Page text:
Aliya -- Players and Spectators in Judaism?
By, Moshe Burt
(Former Arutz-7 link; http://www.israelnationalnews.com/article.php3?id=709)
One night few weeks ago, I was in Jerusalem's "Old City" for a housewarming party (in Hebrew -- Chanukas HaBayit) for friends of mine -- a Rabbi, his wife (Rebbitzin) and their four children (a fifth on the way). They live on Chabad Street near the Moslem section.
The family had returned home to Israel after a two year stay in the United States. That evening, many visitors came to wish the family success and happiness in their new abode in Israel. Individual visitors stood and spoke words of Torah relating to the Rabbi and his family and their sojourn in the United States and subsequent Aliya.
The words spoken by one such visitor were particularly poignant to me. The speaker was short, yet huskily built and attired in a sweat shirt, jeans, a knitted kipa (which covered the entire top of his head) and was wearing a 4-cornered tasseled garment (Tzitzis) on the outside of his sweat shirt. He spoke about the Mitzvah of Yishuv Eretz Yisrael (the importance of settling The Land of Israel) in a way that struck a responsive cord in my memory. I recalled my journey as a Ba'al Teshuvah (A Secular Jew who found truth in becoming Religious) and saw parallels with a Jew's journey to Aliya.
He equated different levels of Jews with those who love sports. There are sports fans who like to read accounts of a game in the newspaper. There are fans for whom the print of the sports section is not enough. These people want to watch their favorite sports events and teams on television at every opportunity. There are fans for whom television is not enough and who enjoy being at the stadium or Arena to view the event in person. And finally, there are those whose love of the sport drives them to play -- to be participants in the game.
A similar point was made to me some twelve and a half years ago. After having attended a number of weekend or one-day "Discovery Programs" given at local sites by the Aish HaTorah Yeshiva, I decided to take the plunge -- to start learning our history, traditions and laws in an Observant community. Shortly thereafter, I started coming into the Religious Community in Northeast Philadelphia for Shabbos once, then twice a month. In the summer of 1990, I made my move and became religious and Shabbos observant.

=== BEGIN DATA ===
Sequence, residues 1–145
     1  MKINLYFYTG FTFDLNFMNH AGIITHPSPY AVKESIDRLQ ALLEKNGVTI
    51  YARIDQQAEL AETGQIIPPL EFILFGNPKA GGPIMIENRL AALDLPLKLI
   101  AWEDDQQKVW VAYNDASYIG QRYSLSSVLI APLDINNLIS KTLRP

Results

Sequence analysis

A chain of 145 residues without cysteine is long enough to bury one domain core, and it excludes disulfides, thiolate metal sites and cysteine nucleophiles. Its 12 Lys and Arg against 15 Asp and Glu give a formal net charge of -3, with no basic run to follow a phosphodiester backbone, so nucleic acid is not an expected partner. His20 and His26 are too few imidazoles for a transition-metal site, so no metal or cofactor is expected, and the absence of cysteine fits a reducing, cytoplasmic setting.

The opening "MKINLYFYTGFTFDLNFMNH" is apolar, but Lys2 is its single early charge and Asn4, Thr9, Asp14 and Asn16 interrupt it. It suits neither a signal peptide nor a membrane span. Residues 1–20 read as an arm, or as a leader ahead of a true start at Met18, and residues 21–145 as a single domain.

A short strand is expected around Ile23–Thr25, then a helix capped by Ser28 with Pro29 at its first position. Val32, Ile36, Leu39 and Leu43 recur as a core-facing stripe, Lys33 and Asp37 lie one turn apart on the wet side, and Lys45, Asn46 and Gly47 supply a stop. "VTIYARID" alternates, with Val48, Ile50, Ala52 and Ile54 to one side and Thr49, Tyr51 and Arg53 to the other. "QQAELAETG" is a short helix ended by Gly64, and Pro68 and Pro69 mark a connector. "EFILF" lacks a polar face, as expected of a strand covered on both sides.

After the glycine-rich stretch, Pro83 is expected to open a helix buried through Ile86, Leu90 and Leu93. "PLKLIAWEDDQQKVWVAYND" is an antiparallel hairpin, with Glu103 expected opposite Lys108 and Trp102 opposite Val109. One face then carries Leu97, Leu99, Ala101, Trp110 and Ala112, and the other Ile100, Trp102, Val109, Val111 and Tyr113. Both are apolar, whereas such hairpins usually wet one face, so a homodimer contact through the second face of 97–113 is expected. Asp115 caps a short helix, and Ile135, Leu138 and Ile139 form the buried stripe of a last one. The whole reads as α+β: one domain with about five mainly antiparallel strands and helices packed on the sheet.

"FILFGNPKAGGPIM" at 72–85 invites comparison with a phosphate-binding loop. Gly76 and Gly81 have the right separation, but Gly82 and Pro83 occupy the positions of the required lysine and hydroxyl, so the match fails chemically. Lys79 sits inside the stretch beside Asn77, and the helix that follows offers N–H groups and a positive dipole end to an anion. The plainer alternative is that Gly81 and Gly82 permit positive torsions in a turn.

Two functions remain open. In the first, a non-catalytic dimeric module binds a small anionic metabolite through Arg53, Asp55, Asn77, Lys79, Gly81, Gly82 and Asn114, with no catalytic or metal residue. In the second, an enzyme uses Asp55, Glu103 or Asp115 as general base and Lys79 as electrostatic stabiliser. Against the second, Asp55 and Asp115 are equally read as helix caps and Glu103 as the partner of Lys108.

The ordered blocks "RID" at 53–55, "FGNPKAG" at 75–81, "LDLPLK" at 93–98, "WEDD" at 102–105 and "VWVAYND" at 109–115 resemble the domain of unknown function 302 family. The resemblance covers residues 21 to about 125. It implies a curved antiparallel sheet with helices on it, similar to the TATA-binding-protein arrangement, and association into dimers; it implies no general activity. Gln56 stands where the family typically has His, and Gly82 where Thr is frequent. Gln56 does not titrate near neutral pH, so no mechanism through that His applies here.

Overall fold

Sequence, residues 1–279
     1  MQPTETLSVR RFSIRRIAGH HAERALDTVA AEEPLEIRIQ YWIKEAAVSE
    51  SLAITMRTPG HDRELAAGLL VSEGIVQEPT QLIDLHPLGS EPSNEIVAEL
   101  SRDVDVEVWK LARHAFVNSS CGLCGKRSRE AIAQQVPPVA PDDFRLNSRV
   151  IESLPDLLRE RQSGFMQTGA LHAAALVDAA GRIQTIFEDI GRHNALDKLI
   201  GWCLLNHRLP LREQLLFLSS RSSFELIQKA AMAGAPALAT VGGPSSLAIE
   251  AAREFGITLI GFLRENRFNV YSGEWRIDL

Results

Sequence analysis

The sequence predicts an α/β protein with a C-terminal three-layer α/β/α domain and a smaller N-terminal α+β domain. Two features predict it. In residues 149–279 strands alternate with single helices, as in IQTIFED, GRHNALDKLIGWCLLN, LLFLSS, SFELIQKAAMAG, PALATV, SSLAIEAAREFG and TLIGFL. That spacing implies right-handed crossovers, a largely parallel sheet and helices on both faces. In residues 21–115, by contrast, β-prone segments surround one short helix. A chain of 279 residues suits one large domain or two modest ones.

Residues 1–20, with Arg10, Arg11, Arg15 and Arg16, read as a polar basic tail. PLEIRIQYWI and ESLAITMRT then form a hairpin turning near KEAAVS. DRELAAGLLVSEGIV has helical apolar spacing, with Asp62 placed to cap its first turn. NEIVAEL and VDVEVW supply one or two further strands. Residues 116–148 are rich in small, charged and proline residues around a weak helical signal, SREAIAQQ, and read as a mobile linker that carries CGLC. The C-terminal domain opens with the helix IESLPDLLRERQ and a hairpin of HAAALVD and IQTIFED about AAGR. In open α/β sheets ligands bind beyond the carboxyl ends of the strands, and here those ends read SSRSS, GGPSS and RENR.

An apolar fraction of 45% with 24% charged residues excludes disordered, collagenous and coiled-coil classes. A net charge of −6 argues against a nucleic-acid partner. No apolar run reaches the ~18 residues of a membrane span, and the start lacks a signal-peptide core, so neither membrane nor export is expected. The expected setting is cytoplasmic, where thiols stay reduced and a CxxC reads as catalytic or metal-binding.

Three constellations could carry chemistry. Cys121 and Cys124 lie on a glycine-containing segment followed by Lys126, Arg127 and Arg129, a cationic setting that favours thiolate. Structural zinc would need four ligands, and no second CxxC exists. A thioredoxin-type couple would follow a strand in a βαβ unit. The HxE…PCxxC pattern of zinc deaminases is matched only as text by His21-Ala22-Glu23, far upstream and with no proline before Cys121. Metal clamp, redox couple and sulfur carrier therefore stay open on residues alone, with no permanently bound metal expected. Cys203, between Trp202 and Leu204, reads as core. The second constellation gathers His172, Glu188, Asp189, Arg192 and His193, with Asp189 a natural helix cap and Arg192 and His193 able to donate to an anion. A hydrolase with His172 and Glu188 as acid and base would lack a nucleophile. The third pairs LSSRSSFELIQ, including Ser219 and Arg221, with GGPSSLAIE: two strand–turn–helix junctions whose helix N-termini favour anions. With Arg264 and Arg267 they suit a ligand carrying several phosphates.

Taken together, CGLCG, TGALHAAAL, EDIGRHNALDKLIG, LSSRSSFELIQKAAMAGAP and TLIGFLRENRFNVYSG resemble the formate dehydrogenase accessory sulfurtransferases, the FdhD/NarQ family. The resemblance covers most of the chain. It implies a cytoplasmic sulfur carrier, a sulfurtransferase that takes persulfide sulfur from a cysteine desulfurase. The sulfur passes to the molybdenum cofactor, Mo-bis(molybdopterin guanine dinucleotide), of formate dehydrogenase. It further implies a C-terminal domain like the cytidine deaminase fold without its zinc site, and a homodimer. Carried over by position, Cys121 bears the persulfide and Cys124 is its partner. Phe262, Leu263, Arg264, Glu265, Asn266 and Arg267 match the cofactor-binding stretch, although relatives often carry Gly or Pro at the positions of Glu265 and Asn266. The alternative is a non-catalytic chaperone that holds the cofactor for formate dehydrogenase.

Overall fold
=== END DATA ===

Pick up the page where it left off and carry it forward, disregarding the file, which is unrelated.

During one such Shabbos back in 1989, my host drew a similar equation. I was asked, are you a spectator -- an observer or are you a player ??
I always identified Jewishly and with Israel. I'm 53 years old, born within days of Israel's Statehood. Unlike all of the previous generations of the dispersion of the Jews, I have never known a day in my life when there was not an Israel.
I have felt as one with my brethren in Israel and with the Land through the various wars, terrorist attacks, trials, tribulations and political machinations. Since my first visit to Israel made in February, 1975 with my then-wife, I sought to come home to Israel to live. But lo, there are marital and child-rearing responsibilities, mortgage and debt responsibilities, often disagreements with one's spouse who may not share the love and committment to Our Land vs. day-to-day responsibilities of current residence -- all of these responsibilities and difficulties obscure our will to come home. And in many cases, there is divorce, subsequent spousal support and child support responsibilities which make any attempt at Aliyah even more difficult. We find ourselves in a "vicious cycle" of the responsibilities of day-to-day life in the nation in which we reside and can't break out.
For many of us born in the "enlightened" 20th century, our grandparents emigrated from Eastern European dictatorships. The Jews of Eastern Europe held stubbornly to the uniqueness of our Religious/Spiritual/National purpose throughout the dispersion up to the turn of the 20th century. We, who were born in the 20th century were born in or resided in a land, a nation which "killed us with love." One's first allegiance is to the nation of residence has been inculcated into our learning. Therefore, the Jewish People's unique status as a spiritual religion, culture and nation based on our divine legacy of the Land of Israel has to be subserviant to allegiance to the sovereignty of one's residence. This allegiance to the land of one's birth or residence necessarily meant that he must assimilate -- melt into the mass of population, be like everyone else thereby losing his separate, distinct, multi-dimensional Jewish heritage lest he be seen as holding dual-loyalties.